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A second locus for Aicardi-Goutières syndrome at chromosome 13q14–21
  1. M Ali1,
  2. L J Highet2,
  3. D Lacombe3,
  4. C Goizet3,
  5. M D King4,
  6. U Tacke5,
  7. M S van der Knaap6,
  8. L Lagae7,
  9. C Rittey8,
  10. H G Brunner9,
  11. H van Bokhoven9,
  12. B Hamel9,
  13. Y A Oade10,
  14. A Sanchis11,
  15. I Desguerre12,
  16. D Cau13,
  17. N Mathieu14,
  18. M L Moutard15,
  19. P Lebon16,
  20. D Kumar17,
  21. A P Jackson18,
  22. Y J Crow1,2
  1. 1Molecular Medicine Unit, University of Leeds, St James’s University Hospital, Leeds, UK
  2. 2Department of Clinical Genetics, St James’s University Hospital, Leeds, UK
  3. 3Medical Genetics Department, C.H.U. Bordeaux, Bordeaux, France
  4. 4Department of Paediatric Neurology, Children’s University Hospital, Dublin, Ireland
  5. 5Abteilung Neuropädiatrische, Universität Freiburg, Freiburg, Germany
  6. 6Department of Child Neurology, Free University Medical Center, Amsterdam, The Netherlands
  7. 7Department of Paediatric Neurology, Universitaire Ziekenhuizen, Leuven, Belgium
  8. 8Department of Paediatric Neurology, Sheffield Children’s Hospital, Sheffield, UK
  9. 9Department of Human Genetics, University Medical Centre, Nijmegen, The Netherlands
  10. 10Department of Paediatrics, Calderdale Royal Hospital, Halifax, UK
  11. 11Servicio de Pediatria, Hospital Universitario Dr Peset, Valencia, Spain
  12. 12Service de Neuropediatrie, Hôpital Necker, Paris, France
  13. 13Service de Pediatrie, Cherbourg, France
  14. 14Service de Genetique, Amiens, France
  15. 15Service de Neuropediatrie, Hôpital Cochin-Saint Vincent de Paul, Paris, France
  16. 16Service de Virologie, Hôpital Cochin-Saint Vincent de Paul, Paris, France
  17. 17Institute of Clinical Genetics, University Hospital of Wales, Cardiff, UK
  18. 18MRC Human Genetics Unit, Western General Hospital, Edinburgh, UK
  1. Correspondence to:
 Dr Yanick Crow
 Department of Clinical Genetics, Ashley Wing, St James’s University Hospital, Leeds, LS9 7TF, UK; yanick.crow{at}


Background: Aicardi-Goutières syndrome (AGS) is an autosomal recessive, early onset encephalopathy characterised by calcification of the basal ganglia, chronic cerebrospinal fluid lymphocytosis, and negative serological investigations for common prenatal infections. AGS may result from a perturbation of interferon α metabolism. The disorder is genetically heterogeneous with approximately 50% of families mapping to the first known locus at 3p21 (AGS1).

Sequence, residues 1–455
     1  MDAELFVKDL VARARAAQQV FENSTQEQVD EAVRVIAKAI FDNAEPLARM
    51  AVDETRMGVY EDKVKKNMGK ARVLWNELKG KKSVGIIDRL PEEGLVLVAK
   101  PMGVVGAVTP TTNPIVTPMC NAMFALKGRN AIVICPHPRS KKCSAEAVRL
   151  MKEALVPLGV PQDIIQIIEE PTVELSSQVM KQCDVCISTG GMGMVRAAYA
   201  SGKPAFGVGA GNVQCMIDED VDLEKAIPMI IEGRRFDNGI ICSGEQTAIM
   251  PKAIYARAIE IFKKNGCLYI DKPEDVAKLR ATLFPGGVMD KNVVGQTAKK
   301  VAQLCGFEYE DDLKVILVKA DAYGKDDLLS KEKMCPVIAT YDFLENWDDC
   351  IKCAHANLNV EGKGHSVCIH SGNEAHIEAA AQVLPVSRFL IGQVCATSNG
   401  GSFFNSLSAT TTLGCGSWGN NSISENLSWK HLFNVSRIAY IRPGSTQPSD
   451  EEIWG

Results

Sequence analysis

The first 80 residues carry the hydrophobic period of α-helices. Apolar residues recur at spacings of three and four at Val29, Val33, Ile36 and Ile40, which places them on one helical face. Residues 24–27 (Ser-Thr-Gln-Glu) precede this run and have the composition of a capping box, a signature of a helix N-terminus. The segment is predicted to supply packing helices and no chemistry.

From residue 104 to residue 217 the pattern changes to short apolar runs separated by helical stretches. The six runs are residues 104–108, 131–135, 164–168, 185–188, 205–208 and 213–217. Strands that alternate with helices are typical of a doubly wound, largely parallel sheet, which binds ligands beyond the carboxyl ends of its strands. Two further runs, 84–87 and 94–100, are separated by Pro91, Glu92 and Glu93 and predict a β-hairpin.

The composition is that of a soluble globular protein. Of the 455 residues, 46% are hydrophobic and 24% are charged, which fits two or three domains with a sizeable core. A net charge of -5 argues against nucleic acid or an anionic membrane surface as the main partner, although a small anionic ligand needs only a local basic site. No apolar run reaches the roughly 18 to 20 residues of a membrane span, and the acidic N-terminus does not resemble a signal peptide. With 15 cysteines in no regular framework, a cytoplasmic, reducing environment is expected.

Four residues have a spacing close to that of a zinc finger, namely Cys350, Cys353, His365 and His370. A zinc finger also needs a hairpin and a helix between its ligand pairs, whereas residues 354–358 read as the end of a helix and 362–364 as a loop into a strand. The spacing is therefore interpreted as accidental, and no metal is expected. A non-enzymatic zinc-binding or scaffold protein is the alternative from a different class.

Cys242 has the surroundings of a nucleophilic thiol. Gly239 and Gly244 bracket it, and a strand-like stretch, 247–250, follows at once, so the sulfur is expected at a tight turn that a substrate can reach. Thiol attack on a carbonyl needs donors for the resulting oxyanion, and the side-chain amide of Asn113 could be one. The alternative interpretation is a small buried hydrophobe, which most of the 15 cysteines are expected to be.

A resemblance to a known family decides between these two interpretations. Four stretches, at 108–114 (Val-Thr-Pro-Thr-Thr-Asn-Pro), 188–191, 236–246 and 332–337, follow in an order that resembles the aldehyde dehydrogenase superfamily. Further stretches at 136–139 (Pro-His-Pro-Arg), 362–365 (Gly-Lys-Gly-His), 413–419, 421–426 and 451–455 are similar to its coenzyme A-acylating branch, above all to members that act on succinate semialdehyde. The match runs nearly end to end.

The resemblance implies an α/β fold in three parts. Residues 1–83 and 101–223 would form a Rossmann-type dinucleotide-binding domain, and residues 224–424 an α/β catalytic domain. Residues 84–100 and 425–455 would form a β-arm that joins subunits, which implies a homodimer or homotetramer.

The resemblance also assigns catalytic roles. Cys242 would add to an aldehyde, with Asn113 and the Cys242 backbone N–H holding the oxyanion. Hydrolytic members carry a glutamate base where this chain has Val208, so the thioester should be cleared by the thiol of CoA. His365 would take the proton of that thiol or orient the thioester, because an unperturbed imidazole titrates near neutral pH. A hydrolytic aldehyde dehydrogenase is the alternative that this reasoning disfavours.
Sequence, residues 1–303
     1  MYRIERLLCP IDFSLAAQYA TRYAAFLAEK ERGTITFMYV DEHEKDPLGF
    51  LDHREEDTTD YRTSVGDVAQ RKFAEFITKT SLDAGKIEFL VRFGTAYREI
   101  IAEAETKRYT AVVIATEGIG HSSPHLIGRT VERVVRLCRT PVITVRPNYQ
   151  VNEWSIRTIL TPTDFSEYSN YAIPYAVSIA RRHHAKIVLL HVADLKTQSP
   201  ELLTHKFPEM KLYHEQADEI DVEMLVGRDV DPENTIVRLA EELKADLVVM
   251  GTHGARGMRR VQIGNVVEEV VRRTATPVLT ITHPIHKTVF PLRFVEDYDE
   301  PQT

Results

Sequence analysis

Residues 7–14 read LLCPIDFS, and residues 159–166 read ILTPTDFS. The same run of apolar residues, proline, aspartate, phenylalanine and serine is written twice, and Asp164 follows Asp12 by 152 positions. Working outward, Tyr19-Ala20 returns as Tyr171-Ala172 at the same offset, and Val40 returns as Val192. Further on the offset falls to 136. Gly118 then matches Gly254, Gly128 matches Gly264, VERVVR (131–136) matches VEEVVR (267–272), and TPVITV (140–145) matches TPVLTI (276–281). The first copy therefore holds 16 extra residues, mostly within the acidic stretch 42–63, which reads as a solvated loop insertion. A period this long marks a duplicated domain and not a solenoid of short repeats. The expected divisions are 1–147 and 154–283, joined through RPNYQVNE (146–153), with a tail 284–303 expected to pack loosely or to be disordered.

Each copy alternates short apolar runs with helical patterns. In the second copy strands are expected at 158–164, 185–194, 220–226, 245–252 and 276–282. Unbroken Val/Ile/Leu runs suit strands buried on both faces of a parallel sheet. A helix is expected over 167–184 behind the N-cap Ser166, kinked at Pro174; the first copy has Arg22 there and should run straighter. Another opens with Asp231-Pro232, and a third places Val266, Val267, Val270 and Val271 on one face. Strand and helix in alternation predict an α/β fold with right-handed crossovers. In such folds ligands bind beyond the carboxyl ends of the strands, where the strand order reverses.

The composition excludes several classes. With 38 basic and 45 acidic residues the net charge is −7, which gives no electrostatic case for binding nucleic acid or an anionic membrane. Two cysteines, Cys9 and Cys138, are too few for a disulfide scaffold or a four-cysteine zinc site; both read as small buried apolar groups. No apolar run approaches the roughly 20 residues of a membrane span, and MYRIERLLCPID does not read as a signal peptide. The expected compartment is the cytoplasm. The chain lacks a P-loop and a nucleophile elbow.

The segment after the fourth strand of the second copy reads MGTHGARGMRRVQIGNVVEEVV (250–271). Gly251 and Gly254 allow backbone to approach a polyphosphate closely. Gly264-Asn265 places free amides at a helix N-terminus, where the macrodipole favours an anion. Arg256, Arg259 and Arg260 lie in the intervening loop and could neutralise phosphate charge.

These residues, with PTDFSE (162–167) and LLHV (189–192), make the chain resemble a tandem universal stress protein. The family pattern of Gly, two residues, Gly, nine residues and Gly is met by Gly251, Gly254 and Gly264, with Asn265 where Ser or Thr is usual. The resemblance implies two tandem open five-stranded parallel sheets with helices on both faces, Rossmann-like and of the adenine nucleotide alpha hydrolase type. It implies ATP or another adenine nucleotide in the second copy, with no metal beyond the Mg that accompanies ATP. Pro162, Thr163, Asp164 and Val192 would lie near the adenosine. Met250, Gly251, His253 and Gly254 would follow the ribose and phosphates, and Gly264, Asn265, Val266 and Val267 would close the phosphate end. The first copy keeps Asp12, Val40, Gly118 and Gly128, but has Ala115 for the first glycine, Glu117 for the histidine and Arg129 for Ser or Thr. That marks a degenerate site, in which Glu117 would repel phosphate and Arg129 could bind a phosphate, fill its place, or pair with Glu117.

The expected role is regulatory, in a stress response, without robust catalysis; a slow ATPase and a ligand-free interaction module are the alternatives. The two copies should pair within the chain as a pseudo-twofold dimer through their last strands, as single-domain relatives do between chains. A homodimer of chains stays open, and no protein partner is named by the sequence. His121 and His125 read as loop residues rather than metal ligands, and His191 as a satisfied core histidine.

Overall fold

Methods: A genome-wide scan was performed in 10 families with a clinical diagnosis of AGS in whom linkage to AGS1 had been excluded. Higher density genotyping in regions of interest was also undertaken using the 10 mapping pedigrees and seven additional AGS families.

Results: Our results demonstrate significant linkage to a second AGS locus (AGS2) at chromosome 13q14–21 with a maximum multipoint heterogeneity logarithm of the odds (LOD) score of 5.75 at D13S768. The AGS2 locus lies within a 4.7 cM region as defined by a 1 LOD-unit support interval.

Conclusions: We have identified a second AGS disease locus and at least one further locus. As in a number of other conditions, genetic heterogeneity represents a significant obstacle to gene identification in AGS. The localisation of AGS2 represents an important step in this process.

  • AGS, Aicardi-Goutières syndrome
  • HLOD, heterogeneity LOD
  • IFN-α, interferon α
  • LOD, logarithm of the odds
  • AGS2
  • Aicardi-Goutières syndrome
  • interferon α
  • intracranial calcification
  • 13q14–21

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  • Published Online First 20 May 2005

  • Work in the authors’ laboratories was funded by the Wellcome Trust and the Medical Research Council

  • Competing interests: none declared